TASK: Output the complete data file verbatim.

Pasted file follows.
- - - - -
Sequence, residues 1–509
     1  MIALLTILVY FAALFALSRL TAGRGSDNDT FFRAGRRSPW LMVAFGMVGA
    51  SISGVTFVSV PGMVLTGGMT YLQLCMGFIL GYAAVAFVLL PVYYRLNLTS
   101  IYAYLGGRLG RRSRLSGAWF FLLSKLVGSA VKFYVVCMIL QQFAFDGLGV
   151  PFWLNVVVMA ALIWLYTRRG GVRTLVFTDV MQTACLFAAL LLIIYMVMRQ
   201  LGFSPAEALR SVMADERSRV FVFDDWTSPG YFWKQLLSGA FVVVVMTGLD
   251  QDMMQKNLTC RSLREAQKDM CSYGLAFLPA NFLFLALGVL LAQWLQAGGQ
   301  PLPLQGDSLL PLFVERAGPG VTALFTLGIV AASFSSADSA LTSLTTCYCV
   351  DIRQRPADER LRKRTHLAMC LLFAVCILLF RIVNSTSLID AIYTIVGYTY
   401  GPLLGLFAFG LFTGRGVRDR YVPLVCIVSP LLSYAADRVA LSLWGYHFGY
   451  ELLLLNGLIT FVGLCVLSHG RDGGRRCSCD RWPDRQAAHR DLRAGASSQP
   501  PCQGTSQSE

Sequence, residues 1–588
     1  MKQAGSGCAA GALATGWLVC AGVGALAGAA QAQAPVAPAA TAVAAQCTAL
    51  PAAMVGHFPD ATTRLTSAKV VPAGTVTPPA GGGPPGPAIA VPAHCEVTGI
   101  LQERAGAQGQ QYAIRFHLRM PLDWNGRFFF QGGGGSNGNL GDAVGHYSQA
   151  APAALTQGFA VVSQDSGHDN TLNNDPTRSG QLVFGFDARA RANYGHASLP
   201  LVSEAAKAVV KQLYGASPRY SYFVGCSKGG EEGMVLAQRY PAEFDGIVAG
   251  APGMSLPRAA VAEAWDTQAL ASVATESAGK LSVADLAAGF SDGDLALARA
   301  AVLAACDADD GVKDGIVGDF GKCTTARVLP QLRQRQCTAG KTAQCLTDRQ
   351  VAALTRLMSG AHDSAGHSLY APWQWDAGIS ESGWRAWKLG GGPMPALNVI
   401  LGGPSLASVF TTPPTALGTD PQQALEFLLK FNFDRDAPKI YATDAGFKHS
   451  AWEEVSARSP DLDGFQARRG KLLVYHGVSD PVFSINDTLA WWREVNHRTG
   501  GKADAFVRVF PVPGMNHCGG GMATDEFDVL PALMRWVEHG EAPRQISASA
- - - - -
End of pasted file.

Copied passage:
Sequence, residues 1–509
     1  MIALLTILVY FAALFALSRL TAGRGSDNDT FFRAGRRSPW LMVAFGMVGA
    51  SISGVTFVSV PGMVLTGGMT YLQLCMGFIL GYAAVAFVLL PVYYRLNLTS
   101  IYAYLGGRLG RRSRLSGAWF FLLSKLVGSA VKFYVVCMIL QQFAFDGLGV
   151  PFWLNVVVMA ALIWLYTRRG GVRTLVFTDV MQTACLFAAL LLIIYMVMRQ
   201  LGFSPAEALR SVMADERSRV FVFDDWTSPG YFWKQLLSGA FVVVVMTGLD
   251  QDMMQKNLTC RSLREAQKDM CSYGLAFLPA NFLFLALGVL LAQWLQAGGQ
   301  PLPLQGDSLL PLFVERAGPG VTALFTLGIV AASFSSADSA LTSLTTCYCV
   351  DIRQRPADER LRKRTHLAMC LLFAVCILLF RIVNSTSLID AIYTIVGYTY
   401  GPLLGLFAFG LFTGRGVRDR YVPLVCIVSP LLSYAADRVA LSLWGYHFGY
   451  ELLLLNGLIT FVGLCVLSHG RDGGRRCSCD RWPDRQAAHR DLRAGASSQP
   501  PCQGTSQSE

Sequence, residues 1–588
     1  MKQAGSGCAA GALATGWLVC AGVGALAGAA QAQAPVAPAA TAVAAQCTAL
    51  PAAMVGHFPD ATTRLTSAKV VPAGTVTPPA GGGPPGPAIA VPAHCEVTGI
   101  LQERAGAQGQ QYAIRFHLRM PLDWNGRFFF QGGGGSNGNL GDAVGHYSQA
   151  APAALTQGFA VVSQDSGHDN TLNNDPTRSG QLVFGFDARA RANYGHASLP
   201  LVSEAAKAVV KQLYGASPRY SYFVGCSKGG EEGMVLAQRY PAEFDGIVAG
   251  APGMSLPRAA VAEAWDTQAL ASVATESAGK LSVADLAAGF SDGDLALARA
   301  AVLAACDADD GVKDGIVGDF GKCTTARVLP QLRQRQCTAG KTAQCLTDRQ
   351  VAALTRLMSG AHDSAGHSLY APWQWDAGIS ESGWRAWKLG GGPMPALNVI
   401  LGGPSLASVF TTPPTALGTD PQQALEFLLK FNFDRDAPKI YATDAGFKHS
   451  AWEEVSARSP DLDGFQARRG KLLVYHGVSD PVFSINDTLA WWREVNHRTG
   501  GKADAFVRVF PVPGMNHCGG GMATDEFDVL PALMRWVEHG EAPRQISASA